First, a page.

I have written about this earlier too, and have taken the liberty to reproduce some statements from my earlier editorials on this topic. I do not believe that Subrata Roy is wrong. However, that bit later. What amazes me is the way media has declared him a cheat and is almost celebrating his arrest without any mention of his arguments that are compellingly logical. To me, headings like “Subrata Roy brought to justice” are such shameful give a ways of media’s hidden jealousy against a self-made one-generation success story, something that the media just cannot handle. His group is said to be India’s biggest private sector employer and second biggest overall. He has shown absolute commitment to support sports – an area where success is always associated with a nation’s pride internationally. His open assertions of being a patriot have their weight in the various behemoth social initiatives undertaken by his group – with no apologies to the slanted English media in India which, I feel, hypocritically slanders anyone who represents the ‘other’ India (lest you should forget, it was this very media that shamelessly reported gossip a few years ago about him being ‘critically ill’ and on his deathbed; no surprises then that the same English media during his hay days never wrote a good piece on his amazing story of unbelievable hard work). His management philosophies are noble and he is a good human being.
However, he has never compromised with the establishment and has always taken it head on, whenever harassed, with full page advertisements, explaining his reasoning quite logically and clearly. Even his harshest critics accept that the man is a visionary – his mammoth investments in media, housing, hotel, sports and other industries being compelling evidence. He may not be as polished as the Tatas and the Birlas and may have certain quirks in his living style or office culture, which can be an eyesore to some. But that cannot be the reason to celebrate his agony. And yes, having known him personally over many a long discussion, I can guarantee that the man religiously knows his numbers and has a financial acumen that is better than the combined intellect of all Indian regulators in the industries where he operates.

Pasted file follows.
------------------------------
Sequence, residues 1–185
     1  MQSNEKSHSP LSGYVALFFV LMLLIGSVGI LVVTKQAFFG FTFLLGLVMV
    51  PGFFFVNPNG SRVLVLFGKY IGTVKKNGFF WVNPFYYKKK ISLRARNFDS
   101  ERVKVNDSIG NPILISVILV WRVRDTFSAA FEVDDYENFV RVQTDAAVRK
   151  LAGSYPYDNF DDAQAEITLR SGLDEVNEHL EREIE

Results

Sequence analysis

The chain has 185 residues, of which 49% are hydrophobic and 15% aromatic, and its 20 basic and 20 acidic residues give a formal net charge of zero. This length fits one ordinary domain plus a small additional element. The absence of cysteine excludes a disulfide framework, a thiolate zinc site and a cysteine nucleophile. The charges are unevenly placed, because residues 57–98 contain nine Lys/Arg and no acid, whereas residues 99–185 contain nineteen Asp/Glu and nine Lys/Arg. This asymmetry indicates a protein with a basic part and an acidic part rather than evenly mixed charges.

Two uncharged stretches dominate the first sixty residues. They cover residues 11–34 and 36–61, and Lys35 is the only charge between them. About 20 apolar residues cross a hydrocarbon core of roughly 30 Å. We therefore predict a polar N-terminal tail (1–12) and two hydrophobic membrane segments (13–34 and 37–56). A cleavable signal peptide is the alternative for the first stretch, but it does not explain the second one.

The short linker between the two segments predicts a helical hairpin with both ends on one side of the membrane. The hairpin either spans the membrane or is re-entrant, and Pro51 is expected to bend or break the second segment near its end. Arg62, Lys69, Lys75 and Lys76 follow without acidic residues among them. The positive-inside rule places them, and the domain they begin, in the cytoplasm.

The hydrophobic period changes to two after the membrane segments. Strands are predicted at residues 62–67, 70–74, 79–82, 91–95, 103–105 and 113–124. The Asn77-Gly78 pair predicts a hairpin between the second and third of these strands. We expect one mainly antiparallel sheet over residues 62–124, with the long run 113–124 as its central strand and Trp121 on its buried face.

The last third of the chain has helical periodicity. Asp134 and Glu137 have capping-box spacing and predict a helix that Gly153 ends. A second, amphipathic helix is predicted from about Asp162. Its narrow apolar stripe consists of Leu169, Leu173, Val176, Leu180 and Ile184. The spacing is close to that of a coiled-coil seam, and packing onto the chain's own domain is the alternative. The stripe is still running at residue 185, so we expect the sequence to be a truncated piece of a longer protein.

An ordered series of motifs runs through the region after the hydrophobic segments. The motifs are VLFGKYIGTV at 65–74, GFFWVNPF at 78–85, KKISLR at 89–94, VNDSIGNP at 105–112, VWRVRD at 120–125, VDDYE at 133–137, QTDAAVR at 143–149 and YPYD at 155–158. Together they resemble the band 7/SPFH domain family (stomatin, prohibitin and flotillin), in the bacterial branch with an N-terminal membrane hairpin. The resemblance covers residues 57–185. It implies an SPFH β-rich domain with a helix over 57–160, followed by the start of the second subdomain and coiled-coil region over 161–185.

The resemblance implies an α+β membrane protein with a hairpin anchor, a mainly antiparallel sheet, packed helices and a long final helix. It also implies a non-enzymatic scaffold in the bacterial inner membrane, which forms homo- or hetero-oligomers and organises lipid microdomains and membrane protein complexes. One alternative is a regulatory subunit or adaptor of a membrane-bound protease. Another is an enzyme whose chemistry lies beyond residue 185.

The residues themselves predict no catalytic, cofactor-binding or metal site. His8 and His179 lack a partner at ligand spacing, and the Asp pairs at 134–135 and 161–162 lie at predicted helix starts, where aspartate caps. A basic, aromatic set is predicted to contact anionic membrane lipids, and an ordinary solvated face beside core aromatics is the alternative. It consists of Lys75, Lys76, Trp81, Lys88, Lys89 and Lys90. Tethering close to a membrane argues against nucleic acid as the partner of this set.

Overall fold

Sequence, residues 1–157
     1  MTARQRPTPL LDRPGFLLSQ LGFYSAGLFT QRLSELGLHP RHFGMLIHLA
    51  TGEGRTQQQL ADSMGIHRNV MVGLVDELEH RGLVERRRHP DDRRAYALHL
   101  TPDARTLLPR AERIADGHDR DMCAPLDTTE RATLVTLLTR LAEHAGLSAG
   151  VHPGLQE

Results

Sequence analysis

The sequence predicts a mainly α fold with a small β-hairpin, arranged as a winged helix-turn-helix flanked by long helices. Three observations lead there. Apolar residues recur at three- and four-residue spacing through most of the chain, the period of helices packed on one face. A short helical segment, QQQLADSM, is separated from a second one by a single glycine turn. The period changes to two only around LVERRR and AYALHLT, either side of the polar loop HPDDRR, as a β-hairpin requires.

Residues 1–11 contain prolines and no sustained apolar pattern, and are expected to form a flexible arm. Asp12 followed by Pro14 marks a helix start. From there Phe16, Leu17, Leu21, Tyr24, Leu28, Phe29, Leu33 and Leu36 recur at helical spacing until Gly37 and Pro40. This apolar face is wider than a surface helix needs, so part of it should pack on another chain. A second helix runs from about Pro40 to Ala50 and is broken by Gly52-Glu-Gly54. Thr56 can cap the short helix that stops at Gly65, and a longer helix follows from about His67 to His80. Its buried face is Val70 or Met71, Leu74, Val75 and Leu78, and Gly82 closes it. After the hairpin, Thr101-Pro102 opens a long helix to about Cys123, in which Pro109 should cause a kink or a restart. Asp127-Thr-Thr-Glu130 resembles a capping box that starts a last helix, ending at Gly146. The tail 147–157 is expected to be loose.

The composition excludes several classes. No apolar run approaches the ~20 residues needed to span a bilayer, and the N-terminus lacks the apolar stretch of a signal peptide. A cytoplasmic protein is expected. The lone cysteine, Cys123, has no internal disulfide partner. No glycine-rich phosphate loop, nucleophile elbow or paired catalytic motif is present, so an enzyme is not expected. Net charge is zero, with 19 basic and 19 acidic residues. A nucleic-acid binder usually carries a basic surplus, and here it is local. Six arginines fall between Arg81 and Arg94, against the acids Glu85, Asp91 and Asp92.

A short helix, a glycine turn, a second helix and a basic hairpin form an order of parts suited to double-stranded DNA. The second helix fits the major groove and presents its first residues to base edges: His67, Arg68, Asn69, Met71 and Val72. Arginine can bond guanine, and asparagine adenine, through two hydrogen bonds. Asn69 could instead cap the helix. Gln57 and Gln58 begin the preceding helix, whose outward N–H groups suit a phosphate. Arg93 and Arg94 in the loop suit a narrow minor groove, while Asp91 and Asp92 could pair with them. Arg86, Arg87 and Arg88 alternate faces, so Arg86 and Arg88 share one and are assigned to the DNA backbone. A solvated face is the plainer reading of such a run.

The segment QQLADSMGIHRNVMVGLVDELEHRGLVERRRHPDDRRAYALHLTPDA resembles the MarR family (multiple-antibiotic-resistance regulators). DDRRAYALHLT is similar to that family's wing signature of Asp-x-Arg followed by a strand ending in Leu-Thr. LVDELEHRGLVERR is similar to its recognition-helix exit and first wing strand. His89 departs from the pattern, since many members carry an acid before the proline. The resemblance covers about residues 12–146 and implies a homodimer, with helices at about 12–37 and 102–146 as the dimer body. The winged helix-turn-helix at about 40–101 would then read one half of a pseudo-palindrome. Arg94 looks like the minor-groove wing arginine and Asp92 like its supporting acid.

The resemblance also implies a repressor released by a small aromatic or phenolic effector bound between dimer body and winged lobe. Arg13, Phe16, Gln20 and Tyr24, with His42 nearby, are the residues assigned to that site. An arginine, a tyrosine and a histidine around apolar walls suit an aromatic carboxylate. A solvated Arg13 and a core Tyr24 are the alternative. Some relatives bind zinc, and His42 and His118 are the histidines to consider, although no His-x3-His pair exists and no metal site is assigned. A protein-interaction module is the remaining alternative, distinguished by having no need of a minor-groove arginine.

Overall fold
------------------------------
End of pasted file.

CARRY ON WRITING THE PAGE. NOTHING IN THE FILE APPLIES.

However, India is a strange place of a handful of ruling clique who try to influence thoughts of all others. That Subrata Roy Sahara titles himself as the Managing Worker of his group only adds to the ire of India’s very caustic bourgeoisie, which, hand in hand with the English media, would be loath to have such an unabashed community representative of workers amongst their well ‘oiled’ and ‘greased’ group. So every time Subrata Roy Sahara and his likes attempt to tread the path of diligent and astute effort – assuming the same equated to returns – they’re pulled down acerbically and vindictively by the group representing the old, feudal India. You see, this group believes that only they know how India should be run and by whom. Look around and you’ll see many examples strewn across India of how honest upstarts have been trampled upon by the powers that be before they could gain ground – wherever there has been anyone attempting to improve the condition of India, they’ve had a horde of regulatory, tax, police and judicial bodies running up their door to initiate the so-called enquiries and ‘search’. The same group has billionaires aplenty thanks to the existing crony capitalism, in cahoots with a similar group of corrupt bureaucrats (regulators included) and politicians, and they fight tooth and nail, criminally and illegally, to ensure that there is no new honest and ethical claimant to their industry space, especially if such an entrepreneur were from the proletariat. And that is the sad game which has unfortunately victimised Subrata Roy.